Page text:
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We started with an elephant sighting, it was lightly raining so they were out to enjoy it. On our last trip to Africa, the warthogs and their silly ways made an impression on me, this time it was the elephant. Absolutely spell bounding to watch in nature. They crossed the road in front of us wandered into the bush and disappeared (gives you an idea how thick and lush it is here, the bush can hide elephants and they are not small). The elephants walk silently it is so surreal and peaceful to watch (and ride). They have cushions (Nike Air) on the bottoms of their feet that soften any noise, making these massive animals silent as they move.

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Pleased with a chance to watch the elephants we continued onto the "stretching point" for our evening sundowner (aka drink) only to have our guide hustle us back in the ranger for a reason unknown to us (not our first rodeo, we figured it was something good). We sped (instead of 10 km/hr it was more like 20 km/hr) down towards the river and pulled up to see two giant female lions resting on the river banks. It was specular. Oddly though, Shidi, sort of rushed us away from the lions (normally you just sit and watch) and we were back out on the trail. We could see a couple rangers parked ahead on the road and Shidi instructed us to look left at the old tree. Perched up on a thick branch was a leopard, licking her paws. It didn't look like the most comfortable place to partake in a bath but Shidi figured it was due to the close proximity of the lions (lions kill leopards). It made for a great evening game drive.

The buffalo are sighted almost everywhere here so while we saw them we didn't stop to watch them for any extended period of time. We also were able to see some hippos out of the water (they like cool temperatures) which prompted me to wonder why they aren't part of the Big 5 (I mean a buffalo isn't that exotic, sorry buffalo lovers). Turns out the Big 5 were designated by big game hunters as the most challenging and dangerous to hunt. The buffalo is likely the most dangerous animal to humans of them all as it gives no warning of its charge (elephants and rhinos will head fake so you have a chance to get the hell out of dodge) and kills more locals and farmers than any other animal.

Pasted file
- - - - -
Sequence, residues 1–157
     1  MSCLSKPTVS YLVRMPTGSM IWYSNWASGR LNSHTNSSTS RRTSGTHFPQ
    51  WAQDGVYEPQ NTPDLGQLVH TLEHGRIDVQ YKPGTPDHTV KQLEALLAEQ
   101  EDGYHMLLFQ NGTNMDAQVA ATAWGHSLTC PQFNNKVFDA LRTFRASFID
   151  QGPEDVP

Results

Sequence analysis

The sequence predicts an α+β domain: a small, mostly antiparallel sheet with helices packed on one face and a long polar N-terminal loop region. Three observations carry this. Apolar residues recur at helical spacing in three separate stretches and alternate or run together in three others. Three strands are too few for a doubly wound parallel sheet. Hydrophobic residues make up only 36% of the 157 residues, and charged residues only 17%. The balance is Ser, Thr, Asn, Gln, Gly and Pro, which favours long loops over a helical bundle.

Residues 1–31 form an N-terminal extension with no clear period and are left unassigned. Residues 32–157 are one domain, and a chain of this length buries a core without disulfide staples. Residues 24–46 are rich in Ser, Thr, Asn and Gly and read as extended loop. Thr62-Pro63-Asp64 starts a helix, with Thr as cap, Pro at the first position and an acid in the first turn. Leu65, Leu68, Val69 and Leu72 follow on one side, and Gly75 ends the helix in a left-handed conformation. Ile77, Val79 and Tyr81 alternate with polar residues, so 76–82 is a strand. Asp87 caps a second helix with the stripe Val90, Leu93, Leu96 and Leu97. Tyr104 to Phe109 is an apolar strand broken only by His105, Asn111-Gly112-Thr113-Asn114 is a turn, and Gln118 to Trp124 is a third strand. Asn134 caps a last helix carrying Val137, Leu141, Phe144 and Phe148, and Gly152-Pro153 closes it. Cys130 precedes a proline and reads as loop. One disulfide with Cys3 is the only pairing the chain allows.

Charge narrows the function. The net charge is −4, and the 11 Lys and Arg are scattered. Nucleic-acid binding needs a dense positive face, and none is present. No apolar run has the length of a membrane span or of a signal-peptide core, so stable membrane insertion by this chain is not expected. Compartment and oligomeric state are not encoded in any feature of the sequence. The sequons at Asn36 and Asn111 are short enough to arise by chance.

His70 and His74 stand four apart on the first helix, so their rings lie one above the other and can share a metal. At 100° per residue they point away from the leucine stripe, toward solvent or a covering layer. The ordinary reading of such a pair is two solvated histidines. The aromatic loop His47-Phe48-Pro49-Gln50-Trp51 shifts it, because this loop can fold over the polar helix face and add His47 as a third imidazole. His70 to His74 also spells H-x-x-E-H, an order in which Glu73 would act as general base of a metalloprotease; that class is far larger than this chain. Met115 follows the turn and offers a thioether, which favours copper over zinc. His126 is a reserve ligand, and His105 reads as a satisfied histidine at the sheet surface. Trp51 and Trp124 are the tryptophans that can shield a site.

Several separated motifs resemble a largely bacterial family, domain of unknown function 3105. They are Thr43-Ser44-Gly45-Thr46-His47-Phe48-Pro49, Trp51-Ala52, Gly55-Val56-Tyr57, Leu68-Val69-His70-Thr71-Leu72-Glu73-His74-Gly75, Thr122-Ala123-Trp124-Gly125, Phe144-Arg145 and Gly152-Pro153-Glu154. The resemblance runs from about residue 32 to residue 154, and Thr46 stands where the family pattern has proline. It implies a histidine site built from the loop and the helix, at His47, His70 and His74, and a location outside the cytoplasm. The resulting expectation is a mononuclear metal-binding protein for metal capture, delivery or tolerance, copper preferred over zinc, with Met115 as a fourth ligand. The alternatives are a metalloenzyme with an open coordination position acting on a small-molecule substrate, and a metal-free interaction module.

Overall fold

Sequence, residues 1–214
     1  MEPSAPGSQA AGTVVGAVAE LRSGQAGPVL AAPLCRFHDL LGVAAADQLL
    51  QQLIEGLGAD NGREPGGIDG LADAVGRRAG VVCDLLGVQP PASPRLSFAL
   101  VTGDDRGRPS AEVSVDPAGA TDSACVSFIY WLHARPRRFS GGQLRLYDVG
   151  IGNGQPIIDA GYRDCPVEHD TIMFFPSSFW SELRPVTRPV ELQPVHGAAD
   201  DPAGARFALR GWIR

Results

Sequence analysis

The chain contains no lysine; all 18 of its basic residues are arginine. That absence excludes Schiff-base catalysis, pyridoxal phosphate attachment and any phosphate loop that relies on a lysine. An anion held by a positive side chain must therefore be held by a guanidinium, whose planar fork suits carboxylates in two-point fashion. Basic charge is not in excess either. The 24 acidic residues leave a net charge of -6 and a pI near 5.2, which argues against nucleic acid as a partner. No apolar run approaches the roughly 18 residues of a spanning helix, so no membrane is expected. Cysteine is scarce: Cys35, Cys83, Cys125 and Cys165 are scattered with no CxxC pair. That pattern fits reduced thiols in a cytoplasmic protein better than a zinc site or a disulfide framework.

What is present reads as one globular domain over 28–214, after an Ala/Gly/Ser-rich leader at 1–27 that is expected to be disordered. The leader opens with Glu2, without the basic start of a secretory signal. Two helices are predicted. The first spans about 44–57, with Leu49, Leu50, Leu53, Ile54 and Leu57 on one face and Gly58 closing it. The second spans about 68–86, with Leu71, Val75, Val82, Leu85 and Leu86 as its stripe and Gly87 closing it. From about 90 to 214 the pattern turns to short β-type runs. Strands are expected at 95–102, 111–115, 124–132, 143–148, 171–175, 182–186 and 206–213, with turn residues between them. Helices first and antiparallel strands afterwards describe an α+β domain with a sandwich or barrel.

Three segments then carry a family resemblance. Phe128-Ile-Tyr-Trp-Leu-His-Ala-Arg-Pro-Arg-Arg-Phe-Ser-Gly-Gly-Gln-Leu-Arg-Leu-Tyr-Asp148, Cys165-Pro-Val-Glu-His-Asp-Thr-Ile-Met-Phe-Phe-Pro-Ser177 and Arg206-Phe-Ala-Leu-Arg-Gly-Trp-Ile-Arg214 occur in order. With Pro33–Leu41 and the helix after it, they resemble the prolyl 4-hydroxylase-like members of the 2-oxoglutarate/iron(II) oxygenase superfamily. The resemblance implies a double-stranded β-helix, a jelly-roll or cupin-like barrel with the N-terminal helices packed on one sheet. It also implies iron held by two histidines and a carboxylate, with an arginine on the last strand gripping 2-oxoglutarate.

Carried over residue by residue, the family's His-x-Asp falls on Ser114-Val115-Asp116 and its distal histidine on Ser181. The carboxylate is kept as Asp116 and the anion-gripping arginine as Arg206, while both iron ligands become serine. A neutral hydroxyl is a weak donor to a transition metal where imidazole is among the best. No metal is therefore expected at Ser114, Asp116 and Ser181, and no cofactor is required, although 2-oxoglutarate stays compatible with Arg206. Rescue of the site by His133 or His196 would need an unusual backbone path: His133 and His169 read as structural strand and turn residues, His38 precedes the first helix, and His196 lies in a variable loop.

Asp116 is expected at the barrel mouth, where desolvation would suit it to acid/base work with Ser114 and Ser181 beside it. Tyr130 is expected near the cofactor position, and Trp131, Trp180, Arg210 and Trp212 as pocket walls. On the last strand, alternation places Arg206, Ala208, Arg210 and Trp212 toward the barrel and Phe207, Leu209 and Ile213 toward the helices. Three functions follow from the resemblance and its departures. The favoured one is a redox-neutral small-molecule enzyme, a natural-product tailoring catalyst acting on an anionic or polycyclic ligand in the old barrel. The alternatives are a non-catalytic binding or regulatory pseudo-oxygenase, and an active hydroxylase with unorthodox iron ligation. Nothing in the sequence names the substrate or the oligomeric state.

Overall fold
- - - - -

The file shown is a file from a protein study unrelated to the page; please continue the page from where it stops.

We capped our last evening at the Lodge of with a dinner that included Kudo roast and impala stew (I am not kidding and both are quite tasty) and of course a bottle of local red. Given our flight was not until 2 pm today we were able to enjoy one last 4:30 am wake-up and one final game drive. Yet again, we were not disappointed. While sitting back and just taking in the surroundings (and impalas and baboons...) we turned a corner and came across a pride of lions (5 in total) drinking.

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What an end to our safari adventure. Every drive we experienced was different and wonderful for unique reasons. We returned to the lodge and were shuttled to the little Kasane, Botswana airport for our last stop in Africa before heading home. We are off to Jo-burg for the night and have tomorrow to rest up and a half-day Township and Apartheid Tour (a good dose of reality to leave with) before we depart at 9:45 pm for our overnight flight to London. Getting back to Canada is a bit ugly, we arrive in London at 7 am and don't depart until 4 in the afternoon. I have a couple rooms booked at the Hilton at the airport for the layover so we can at least shower and maybe (hopefully) nap for a couple hours. We leave London at 4 pm Sunday afternoon and arrive in Calgary at 5 pm Sunday evening (I love time travel it is the only way you can buy more time).

I am looking forward to one more fantastic meal and a bottle (or two) of South African wine. Ger is looking forward to one more breakfast with croissants and chocolate before reality sets in and our holiday is over.

So until next time,
G^2 & 2 Greenalls

Posted by imalazyj 10:29 Archived in Botswana